YA versus Adult Fiction: What’s the Difference?

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YA and Adult fiction are not just bookstore labels, there are some key differences that separate the two genres. But how alike are they and is there another genre between the two? Understanding the subtleties of the division will not only help you hone your story, it will also help you market it better. 

Why It Matters

Before we get into the actual differences between YA and Adult Fiction, let’s discuss the importance of separating the two. As a writer, having a clear picture of what divides the two genres will help you write a better, audience-targeted novel. If you want to write a book for the sake of writing a book, so be it. If you want to sell your book, that’s another matter. But don’t just take my word for it, here’s a quote from former literary agent, Nathan Bransford:

I think you need to write and pitch your novel as one or the other, because literary agents don’t usually handle both YA and adult books and it’s virtually impossible to pitch a “crossover” book.

Nathan Bransford

Age is More than a Number

A good rule of thumb is this: The age of your protagonist will determine the genre. A Young Adult’s main character should normally be between the ages of 15 and 19. Below the age of 15, you’re looking at a Middle-Grade Fiction (MG) categorization. 

The age of the protagonist will also dictate the wants, needs, and motivations of the main character and this will change the overall tone of the book. 

YA Voice and Adult Voice – Can You Tell the Difference?

Think of yourself at age 15. If you’re an adult, think about your life now. If you’re like me, they feel like two different lifetimes. The responsibilities and stressors of adulthood are entirely different than those of a teenager. Therefore, the main character will view the world in a very different way. 

Again, unless you’re a teen writing as a teen (and if so, good for you for reading articles like this one!), you’re an adult writing as a teen and you need to act like one. For homework, find two books that are similar and take note of how they’re alike and different. Pay special attention to voice, the wants, needs, and motivations of the main character, as well as the overall tone of the book.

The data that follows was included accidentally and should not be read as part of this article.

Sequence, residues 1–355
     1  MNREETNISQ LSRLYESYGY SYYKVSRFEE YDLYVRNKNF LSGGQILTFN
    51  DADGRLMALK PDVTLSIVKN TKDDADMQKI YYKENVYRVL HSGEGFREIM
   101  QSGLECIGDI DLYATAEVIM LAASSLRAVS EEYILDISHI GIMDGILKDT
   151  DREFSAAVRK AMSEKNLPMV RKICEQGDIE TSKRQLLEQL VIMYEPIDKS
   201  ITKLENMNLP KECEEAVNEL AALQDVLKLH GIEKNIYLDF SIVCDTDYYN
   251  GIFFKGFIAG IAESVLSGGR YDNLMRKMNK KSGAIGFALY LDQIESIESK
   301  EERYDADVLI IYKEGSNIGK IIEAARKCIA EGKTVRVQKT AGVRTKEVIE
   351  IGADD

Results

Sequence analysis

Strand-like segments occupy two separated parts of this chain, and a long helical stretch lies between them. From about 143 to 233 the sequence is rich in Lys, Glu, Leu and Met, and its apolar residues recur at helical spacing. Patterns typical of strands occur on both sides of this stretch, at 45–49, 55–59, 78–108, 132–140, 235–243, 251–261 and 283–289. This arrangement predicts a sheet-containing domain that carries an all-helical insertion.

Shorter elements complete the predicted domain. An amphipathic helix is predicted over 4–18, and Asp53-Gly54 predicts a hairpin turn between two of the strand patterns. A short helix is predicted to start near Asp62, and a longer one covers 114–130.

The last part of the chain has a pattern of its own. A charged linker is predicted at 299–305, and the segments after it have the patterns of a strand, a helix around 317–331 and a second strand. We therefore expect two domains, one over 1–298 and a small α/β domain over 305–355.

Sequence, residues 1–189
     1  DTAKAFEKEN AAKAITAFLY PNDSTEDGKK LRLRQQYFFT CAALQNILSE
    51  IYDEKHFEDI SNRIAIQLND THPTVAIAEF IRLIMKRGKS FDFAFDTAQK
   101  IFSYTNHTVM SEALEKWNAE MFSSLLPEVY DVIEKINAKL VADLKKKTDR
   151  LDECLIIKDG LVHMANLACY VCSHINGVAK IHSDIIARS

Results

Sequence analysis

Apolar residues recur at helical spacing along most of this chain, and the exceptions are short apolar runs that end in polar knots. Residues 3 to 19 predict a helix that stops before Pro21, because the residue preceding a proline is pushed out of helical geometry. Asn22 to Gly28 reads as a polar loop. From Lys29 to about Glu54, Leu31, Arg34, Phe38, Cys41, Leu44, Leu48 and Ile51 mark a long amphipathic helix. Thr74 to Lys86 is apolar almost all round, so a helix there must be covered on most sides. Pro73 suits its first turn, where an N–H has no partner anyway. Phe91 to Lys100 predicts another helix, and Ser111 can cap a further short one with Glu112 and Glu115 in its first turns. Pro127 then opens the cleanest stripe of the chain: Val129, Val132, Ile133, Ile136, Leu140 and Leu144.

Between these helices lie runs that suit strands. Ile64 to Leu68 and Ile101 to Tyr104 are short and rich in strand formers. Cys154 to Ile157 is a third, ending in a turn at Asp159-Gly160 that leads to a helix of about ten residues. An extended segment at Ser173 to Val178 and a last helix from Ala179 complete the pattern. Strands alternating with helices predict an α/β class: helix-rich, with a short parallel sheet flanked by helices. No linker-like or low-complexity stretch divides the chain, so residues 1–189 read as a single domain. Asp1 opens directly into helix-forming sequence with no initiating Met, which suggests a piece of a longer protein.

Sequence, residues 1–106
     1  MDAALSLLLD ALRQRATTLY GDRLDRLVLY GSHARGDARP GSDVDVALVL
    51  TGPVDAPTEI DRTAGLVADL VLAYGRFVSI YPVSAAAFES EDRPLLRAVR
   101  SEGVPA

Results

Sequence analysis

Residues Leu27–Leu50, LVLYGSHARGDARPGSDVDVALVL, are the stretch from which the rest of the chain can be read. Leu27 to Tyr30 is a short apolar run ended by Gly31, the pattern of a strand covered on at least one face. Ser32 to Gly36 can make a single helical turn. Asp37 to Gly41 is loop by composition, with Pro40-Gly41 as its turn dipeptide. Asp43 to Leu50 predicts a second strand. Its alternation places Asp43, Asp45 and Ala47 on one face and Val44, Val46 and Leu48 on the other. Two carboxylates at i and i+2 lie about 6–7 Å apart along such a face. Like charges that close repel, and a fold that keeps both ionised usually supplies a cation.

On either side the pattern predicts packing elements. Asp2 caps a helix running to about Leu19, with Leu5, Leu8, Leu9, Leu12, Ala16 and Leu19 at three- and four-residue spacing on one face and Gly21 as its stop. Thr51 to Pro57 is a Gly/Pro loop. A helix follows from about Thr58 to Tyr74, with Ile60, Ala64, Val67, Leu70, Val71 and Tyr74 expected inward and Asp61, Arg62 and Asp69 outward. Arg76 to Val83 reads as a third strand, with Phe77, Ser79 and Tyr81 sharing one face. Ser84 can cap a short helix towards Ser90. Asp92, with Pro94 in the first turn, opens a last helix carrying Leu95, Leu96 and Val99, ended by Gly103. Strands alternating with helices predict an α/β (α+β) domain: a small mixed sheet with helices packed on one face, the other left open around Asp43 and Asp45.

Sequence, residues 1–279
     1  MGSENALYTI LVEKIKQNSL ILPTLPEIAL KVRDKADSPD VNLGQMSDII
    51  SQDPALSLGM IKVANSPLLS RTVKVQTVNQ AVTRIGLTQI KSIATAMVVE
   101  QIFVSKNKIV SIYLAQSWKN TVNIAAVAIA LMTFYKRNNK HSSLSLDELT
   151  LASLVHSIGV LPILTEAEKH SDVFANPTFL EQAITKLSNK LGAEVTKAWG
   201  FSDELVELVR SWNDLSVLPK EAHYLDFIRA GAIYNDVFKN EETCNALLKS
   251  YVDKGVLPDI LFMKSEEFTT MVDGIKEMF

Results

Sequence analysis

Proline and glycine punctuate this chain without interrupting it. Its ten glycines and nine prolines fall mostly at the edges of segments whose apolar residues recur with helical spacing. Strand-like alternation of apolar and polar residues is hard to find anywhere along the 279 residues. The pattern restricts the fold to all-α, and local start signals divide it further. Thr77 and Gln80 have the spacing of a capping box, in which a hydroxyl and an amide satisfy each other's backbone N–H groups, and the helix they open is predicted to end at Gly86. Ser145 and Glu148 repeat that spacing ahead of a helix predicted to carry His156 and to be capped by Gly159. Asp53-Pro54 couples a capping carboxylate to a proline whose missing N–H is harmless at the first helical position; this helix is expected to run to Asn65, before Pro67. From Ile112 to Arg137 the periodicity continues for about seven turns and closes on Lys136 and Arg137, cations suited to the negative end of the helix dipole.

Here are two books with similar subjects (females, magic, witches, families) to get you started:

The Pacing is Different

It’s not a hard and fast rule, but the stories in YA novels tend to unfold at a faster rate. The reason for this is attention span. There are exceptions to this rule, but in most cases, adults can handle a slower build-up and a longer story structure at a slower pace. 

As a result of this pacing difference, word count expectations are different for each of the two genres. In the publishing industry, there are word count standards. Of course, there are outlying exceptions to the rule, but you need to know the rules before you go and break them. Typically, a YA book will fall between 40,000 and 60,000 whereas adult novels can run between 50,000-125,000.

What Lies Betwixt the Two?

The answer is New Adult, also known as NA. This is a relatively new genre and it encompasses the experience of those main characters whose age runs between 18 and 25. According to a Guardian article:

The term new adult was coined in 2009 by US publisher St Martin’s press in an attempt to find fiction that relates to readers who are leaving school and going to university – so these books would relate to: dealing with college/university, first serious relationships, finding jobs, making money, meeting demands of being new adults.

Briony Chappell

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About Author

Heather Rigney is a fiction writer, blogger, journalist, and art teacher based in Rhode Island. Author of The Merrow Trilogy--a dark, historical fantasy novel that deals with homicidal mermaids, the colonial suppression of women, and a present-day alcoholic funeral director trying to make sense of it all. Her writing has been featured in Motif Magazine and Stone Crowns Magazine. By day she teaches art at an all-girls Quaker school and at night she tries to be creative while avoiding too many sweets. You can read more about Ms. Rigney on her website: www.heatherrigney.com

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